The decision taken by a majority of British voters just two days ago once more shows us the complex and difficult situation of Europe’s state at the moment and the importance of developing a path into the future. The successive crises in the last years, beginning with the breakdown of the financial markets, the near-down crash of finances in EU-memberstates, the illegal occupation of Crimea and the astoundingly increased number of refugees during the last months have not only put to test the European Integration Process, but also led to rising resentments between EU-memberstates as well as between groups within these member-states as well. A first rough analysis of the outcome of the British referendum shows us a division between generations, between the inhabitants of cities and of the countryside, between a « well-to-do » elite, able to find their way in a globalized and interconnected world and all those, who feel abandoned, left behind and who fear a loss of what they have gained or built up the past decennia.

     The historic vote this week by a slim majority of the British people to leave the European Union –the so-called “Brexit” – signals a major political and economic challenge. But the Brexit also has a significant moral significance that goes beyond the UK. How we as nations understand borders, sovereignty, and other peoples speaks volumes to our deeper commitments to peace, solidarity, human rights, and the common good. Indeed, the decision to leave the European Union and the accompanying campaign vitriol against “others”  signals a threat to one of the most important legacies of 20th Century Social Catholicism.

     The grief over the death of two of our fellow (italian) citizens in the confusing battlefield of Libya stoked again the fire of an internal political conflict that expands now without any verbal limits, and fueled a feeling of fear and closure inside our borders. Europe is falling apart, like a giant with clay feet, under the pressure of thousands of men, women, children coming from Syria, Iraq, Afghanistan, and a lot of African countries. By now even the subtle (and often brutal) distinction between refugees and "economic migrants" is no more evoked, in front of the multitudes who camped inside controlled fences.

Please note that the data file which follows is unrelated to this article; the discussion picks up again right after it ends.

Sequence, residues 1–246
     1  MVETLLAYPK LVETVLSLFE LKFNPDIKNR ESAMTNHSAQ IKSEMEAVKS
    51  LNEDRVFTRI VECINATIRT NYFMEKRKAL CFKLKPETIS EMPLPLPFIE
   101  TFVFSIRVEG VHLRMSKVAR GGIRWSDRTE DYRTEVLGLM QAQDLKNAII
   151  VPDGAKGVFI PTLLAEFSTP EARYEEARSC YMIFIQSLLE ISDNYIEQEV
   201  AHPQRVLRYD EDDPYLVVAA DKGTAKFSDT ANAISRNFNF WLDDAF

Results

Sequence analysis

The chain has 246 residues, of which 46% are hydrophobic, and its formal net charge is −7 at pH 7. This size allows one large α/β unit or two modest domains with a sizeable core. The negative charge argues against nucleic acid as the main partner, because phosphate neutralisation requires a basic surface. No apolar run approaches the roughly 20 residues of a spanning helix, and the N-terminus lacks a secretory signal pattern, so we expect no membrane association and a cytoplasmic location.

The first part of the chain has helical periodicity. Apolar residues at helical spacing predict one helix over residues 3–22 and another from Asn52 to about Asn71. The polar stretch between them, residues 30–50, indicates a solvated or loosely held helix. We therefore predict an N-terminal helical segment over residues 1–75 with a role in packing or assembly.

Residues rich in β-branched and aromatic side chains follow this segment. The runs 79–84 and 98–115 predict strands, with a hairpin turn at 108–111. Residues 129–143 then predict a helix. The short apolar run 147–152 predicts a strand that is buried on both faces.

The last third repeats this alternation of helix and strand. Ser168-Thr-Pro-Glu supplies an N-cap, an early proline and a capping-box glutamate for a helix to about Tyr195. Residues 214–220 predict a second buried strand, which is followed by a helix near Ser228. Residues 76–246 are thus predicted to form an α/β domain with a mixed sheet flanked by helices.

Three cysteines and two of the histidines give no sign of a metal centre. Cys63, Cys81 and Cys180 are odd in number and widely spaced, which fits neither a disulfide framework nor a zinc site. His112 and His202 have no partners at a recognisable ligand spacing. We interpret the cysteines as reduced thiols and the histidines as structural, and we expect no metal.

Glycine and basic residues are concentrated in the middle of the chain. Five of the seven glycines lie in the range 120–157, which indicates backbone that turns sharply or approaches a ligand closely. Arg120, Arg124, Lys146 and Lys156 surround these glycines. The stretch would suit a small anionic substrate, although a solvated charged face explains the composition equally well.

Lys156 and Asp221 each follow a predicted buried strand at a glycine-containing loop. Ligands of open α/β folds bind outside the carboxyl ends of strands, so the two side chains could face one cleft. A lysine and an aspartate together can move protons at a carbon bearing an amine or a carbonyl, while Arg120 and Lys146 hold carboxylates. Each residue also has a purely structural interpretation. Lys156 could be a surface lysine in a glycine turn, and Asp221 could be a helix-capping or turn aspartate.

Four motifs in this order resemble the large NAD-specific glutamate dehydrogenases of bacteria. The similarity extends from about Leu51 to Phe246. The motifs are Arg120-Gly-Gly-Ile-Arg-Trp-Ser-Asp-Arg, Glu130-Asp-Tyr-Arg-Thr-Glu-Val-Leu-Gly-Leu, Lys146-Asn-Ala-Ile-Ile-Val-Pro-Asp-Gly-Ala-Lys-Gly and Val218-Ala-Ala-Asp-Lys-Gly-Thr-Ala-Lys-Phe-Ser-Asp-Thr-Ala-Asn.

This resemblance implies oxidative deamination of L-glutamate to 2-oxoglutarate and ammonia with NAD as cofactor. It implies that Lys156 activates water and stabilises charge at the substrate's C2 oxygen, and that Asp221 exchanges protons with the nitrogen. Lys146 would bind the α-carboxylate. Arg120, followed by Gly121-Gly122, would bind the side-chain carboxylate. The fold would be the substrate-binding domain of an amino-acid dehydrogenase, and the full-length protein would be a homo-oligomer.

The European Union was created as value-based. It was not in the first place an economic project. It was our answer to the cruelty and barbarism of World War II and all the preceding wars. The Union was based on reconciliation between nations and thus, on the restoration of human dignity, and the irreplaceable value of each human person. We renounced revenge. By dehumanizing others inexorably we are dehumanizing ourselves in a never-ending spiral of violence and hate. The EU stopped this fatal evolution.

     That the European Union is today in crisis is a trivial statement. However, I wish to say that the European Union is the world’s greatest political achievement and cannot be compared to anything else. This is great project that required complex economic, institutional activities and enormous political will and vision. We must not waste what was achieved.